The severity of COVID-19 respiratory failure in some patients has taken the medical community by surprise. And in response, that community has been trying just about anything that seems reasonable in an effort to improve outcomes — and in some cases as last-resort measures to save lives.
Medical researchers are testing whether inhaled nitric oxide could help treat patients with the coronavirus.
Researchers at Massachusetts General Hospital (MGH) are studying whether inhaling a gas called nitric oxide can help treat patients with COVID-19, or even prevent people from getting the disease.
Doctors from around the world are seeing if the gas that gave us the ‘little blue pill’ will also help treat the novel coronavirus as it continues to spread.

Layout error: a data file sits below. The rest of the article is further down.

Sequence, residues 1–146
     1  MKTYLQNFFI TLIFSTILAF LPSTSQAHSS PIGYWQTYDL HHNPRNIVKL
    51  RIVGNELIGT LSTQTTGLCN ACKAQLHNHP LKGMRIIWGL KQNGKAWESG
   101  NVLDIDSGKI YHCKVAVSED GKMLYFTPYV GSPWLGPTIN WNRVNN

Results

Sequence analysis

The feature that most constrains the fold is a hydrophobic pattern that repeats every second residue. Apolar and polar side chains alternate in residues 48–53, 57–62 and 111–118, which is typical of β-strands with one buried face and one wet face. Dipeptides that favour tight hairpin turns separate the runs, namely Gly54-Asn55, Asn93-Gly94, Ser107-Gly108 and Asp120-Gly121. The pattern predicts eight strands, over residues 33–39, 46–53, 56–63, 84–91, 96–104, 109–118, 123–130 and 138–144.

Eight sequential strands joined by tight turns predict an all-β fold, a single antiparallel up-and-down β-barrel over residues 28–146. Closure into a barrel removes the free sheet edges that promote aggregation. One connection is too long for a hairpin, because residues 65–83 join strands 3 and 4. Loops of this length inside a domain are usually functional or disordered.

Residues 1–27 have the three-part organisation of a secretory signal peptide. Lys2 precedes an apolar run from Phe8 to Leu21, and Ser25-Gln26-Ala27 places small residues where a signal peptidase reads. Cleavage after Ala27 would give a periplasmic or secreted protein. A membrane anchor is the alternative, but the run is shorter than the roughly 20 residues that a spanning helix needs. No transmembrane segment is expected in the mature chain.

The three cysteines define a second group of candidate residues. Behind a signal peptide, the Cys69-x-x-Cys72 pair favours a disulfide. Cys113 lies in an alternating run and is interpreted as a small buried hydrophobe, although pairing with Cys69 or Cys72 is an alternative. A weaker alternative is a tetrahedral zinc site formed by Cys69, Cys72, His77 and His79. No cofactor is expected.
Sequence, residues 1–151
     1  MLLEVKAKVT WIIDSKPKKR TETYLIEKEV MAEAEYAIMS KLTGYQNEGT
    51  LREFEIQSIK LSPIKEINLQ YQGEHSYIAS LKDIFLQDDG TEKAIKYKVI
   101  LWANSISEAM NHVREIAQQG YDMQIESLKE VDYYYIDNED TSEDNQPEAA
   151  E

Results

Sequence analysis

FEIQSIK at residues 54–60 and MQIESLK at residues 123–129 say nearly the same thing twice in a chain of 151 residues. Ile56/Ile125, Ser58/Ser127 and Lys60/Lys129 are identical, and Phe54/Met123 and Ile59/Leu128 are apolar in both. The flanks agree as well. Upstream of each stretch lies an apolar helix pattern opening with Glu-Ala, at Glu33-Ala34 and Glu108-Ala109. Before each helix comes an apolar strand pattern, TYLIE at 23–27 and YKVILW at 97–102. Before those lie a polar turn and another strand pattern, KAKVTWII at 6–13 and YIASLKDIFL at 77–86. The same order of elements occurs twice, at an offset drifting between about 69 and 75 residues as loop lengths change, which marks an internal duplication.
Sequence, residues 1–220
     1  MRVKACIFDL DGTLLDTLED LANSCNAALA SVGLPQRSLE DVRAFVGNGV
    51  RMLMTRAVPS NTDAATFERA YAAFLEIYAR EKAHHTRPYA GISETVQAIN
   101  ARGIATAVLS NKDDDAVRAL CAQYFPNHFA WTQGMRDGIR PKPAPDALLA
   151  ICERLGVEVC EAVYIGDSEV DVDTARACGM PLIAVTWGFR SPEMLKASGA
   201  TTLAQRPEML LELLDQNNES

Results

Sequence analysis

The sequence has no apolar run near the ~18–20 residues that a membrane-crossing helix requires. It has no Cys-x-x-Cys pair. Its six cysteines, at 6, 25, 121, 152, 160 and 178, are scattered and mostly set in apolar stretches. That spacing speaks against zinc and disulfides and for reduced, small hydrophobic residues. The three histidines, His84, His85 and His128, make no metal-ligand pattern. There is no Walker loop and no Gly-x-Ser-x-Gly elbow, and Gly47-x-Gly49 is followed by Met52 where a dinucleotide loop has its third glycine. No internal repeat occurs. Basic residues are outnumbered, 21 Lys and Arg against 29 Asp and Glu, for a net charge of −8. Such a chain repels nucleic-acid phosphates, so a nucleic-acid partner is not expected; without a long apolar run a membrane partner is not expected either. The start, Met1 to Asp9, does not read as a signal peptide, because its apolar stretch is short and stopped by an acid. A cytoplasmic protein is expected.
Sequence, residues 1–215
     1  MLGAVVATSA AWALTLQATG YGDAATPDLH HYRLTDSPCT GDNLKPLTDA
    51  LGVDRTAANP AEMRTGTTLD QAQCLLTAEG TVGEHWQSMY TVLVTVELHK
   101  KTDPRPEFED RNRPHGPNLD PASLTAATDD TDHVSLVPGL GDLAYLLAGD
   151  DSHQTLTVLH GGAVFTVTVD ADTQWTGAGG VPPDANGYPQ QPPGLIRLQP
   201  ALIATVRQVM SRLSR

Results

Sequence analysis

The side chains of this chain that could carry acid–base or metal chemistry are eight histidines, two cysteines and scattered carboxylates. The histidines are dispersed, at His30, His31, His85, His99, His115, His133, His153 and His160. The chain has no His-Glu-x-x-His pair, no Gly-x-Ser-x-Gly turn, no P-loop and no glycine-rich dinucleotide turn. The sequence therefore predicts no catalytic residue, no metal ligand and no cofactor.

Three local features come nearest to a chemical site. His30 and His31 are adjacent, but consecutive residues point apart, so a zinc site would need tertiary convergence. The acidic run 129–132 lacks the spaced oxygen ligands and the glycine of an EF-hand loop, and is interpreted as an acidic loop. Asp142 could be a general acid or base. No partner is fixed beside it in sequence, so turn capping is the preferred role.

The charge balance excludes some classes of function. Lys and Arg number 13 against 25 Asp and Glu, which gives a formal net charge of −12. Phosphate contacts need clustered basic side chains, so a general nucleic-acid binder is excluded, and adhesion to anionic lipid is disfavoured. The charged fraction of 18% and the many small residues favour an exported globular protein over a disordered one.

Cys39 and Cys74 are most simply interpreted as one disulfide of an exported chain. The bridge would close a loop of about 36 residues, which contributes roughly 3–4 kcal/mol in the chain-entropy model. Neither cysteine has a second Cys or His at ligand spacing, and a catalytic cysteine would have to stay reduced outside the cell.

Scientists in Massachusetts, Italy, and elsewhere are experimenting with a familiar medical treatment for the new problem of covid-19. They’ve begun clinical trials meant to find out whether inhaled nitric oxide can save people who are severely sick from the new coronavirus. This treatment might even be used preventatively to keep health care workers infection-free.
Never before, scientists say, have so many of the world’s researchers focused so urgently on a single topic. Nearly all other research has ground to a halt.
Third Pole Therapeutics CEO Bill Athenson sat down with Proactive’s Christine Corrado at the Biotech Showcase 2020 in San Francisco. The company, based in Waltham, Massachusetts, is developing transformative cardio-pulmonary therapies such as its FDA-approved pulmonary vasodilator to treat hypoxic respiratory failure in newborns.